Have you ever met someone and after having a short conversation with them felt uncomfortable? When someone steps on or pushes up against one of your core values, you may feel uncomfortable, or angry, or protective of another. For example, if “social justice” is important to you, when you see someone behaving disrespectfully to an individual from another cultural group, something fires inside you and you naturally want to stand up for the individual. Getting clear on your personal values helps you better understand yourself and your reactions to others.
Knowing your top five core values also assists with your life choices. If you choose a business partner who is all about competition and you value collaboration, over time this will bother you. If you value connection and are not able to openly communicate about feelings with a friend or partner, over time the relationship won’t grow stronger as you will feel something is missing or that you need more.
In summary, identifying your top five core values is critical to better understanding yourself and your reactions to certain individuals and situations. Using your core values to assist you in choosing a partner, career or workplace is essential to creating a life of health, happiness, true fulfillment and inner peace.
How have your core values influenced you and your choices? I welcome your comments below.
 This is an excerpt from my book Learning to Dance with life: A Guide for High Achieving Women available here: www.amazon.com/dp/B0145ZGDO2
While recently visiting a friend who was recovering from surgery, she said something to me that really made me sit up and take notice. After opening the card and gift I brought her she said, “Your presence is enough.” When I reflect on my life and my driven nature, I realize that I’ve lived much of my life as if my presence is NOT enough; from a place of feeling like I need to perform and achieve in order to be loved and to BE enough. Do you relate?
I invite you take a few moments to reflect on your life. Have you been living it as if “Your presence is enough?” Think about what your life would look and feel like if you truly believed that your presence was enough? … You might feel free, confident, unconditionally loved, in the flow, like you didn’t have to constantly strive and give 110% when 100% was sufficient. I encourage you to “try on” the vision and feeling of living like “Your presence is enough” and notice any differences. Is life easier and more fun?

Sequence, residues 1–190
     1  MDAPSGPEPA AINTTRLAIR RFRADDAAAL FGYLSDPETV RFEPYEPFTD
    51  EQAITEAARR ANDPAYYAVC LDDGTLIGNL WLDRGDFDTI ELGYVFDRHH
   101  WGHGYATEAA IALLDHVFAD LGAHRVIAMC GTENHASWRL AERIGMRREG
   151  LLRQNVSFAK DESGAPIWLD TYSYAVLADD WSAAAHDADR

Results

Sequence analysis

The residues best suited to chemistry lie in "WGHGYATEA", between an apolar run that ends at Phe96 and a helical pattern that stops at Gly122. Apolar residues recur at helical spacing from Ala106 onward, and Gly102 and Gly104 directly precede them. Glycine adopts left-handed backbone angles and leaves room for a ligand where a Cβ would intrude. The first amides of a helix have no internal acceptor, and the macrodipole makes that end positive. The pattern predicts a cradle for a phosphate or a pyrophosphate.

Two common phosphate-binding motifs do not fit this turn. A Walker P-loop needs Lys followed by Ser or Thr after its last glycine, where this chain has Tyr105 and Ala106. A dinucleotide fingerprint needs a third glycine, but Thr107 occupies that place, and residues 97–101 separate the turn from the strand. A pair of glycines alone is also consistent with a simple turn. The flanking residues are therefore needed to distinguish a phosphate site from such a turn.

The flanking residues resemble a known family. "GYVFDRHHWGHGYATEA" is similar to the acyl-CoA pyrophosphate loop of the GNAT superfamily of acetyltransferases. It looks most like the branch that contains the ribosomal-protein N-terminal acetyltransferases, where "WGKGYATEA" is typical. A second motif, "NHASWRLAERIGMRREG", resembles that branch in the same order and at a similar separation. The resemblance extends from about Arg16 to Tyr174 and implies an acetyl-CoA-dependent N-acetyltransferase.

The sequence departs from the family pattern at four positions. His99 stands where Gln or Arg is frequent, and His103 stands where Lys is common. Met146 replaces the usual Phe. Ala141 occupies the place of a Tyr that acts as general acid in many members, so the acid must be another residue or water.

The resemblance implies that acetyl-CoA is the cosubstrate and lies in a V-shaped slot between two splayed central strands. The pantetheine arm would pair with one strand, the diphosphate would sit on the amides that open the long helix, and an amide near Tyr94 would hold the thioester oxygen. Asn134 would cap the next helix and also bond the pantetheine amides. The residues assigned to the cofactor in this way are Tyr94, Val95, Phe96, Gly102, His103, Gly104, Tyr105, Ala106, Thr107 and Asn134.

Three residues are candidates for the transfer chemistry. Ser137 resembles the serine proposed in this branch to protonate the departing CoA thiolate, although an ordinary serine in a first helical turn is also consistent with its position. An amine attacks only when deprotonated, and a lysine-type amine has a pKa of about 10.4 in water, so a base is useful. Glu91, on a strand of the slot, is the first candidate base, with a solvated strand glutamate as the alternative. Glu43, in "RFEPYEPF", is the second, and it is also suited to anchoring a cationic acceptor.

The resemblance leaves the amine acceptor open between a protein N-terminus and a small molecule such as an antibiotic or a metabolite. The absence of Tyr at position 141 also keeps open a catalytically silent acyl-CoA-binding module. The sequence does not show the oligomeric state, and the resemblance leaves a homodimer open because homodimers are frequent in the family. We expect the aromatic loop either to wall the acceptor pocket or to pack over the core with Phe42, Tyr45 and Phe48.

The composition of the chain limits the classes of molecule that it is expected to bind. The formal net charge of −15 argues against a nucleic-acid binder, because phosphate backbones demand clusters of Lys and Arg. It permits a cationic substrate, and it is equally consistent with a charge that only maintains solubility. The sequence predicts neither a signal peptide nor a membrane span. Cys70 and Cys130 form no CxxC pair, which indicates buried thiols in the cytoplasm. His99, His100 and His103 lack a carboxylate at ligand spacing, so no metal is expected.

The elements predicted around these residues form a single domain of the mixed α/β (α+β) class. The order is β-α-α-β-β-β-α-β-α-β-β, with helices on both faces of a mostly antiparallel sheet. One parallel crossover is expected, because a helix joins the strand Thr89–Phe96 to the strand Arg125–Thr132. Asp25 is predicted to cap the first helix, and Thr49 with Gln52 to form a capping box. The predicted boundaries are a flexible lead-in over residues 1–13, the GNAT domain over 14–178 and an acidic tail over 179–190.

I welcome your comments below. Feel free to share this post with others.
What is the one thing that makes you leap out of bed in the morning?
What is your reason for being?
What is that dream or vision that serves as a guidepost for you to focus on when there is chaos and life gets rough?
That’s your BIG WHY! Some people call it your life purpose. Your life purpose “touches your heart” and “gets you excited.” As Marcia Weider, author of Making Your Dreams Come True says: “The broader you state your purpose the better, because the broader your purpose the more room there is for passion and possibility. “
Here are a few examples of life purposes:
- To live life as an adventure and make a positive difference in the world
- To inspire and support others to live their best lives ever
- To learn and contribute to making the world a better place.
Mine, is to build peace in the world one woman at a time; because when I help a woman find inner peace, she can then build it in her family, community, workplace and… the world. It’s a huge life purpose and a bit scary, yet it inspires me every day and helps me focus when I feel I’m going into overwhelm.
How do you find your BIG WHY? A good place to start is to identify your passions. These are the things that light you up, make your soul sing and when you do them you lose track of time. It could be film editing, teaching and/or mentoring others; it could be painting or dancing to name a few. In a previous post, I shared some proven practices for identifying your top 3 to 5 passions – http://creativelivingcommunity.com/are-you-passionate-about-your-work/. I encourage you do the exercises in that post if you haven’t already.
After doing those exercises or if you know your top 3 to 5 passions, take a few minutes to draft a life purpose statement using the stem: My life purpose is to: …
Realize this is just the beginning and you will likely need to return to and reflect on what you’ve written and decide if it really truly is YOUR life purpose. A couple of helpful questions to ask related to your life purpose are: How do I want to be remembered? What am I most passionate about?
Getting in touch with your life’s purpose and drafting one that “feels good to you” will inspire you to move forward and make the changes necessary to create the life and work of your dreams. Have fun!
I’d love to hear from you. Share your comments and insights below. Feel free to share the post with others.
 Weider, M. Making Your Dreams Come True. New York: Harmony Books, 1999.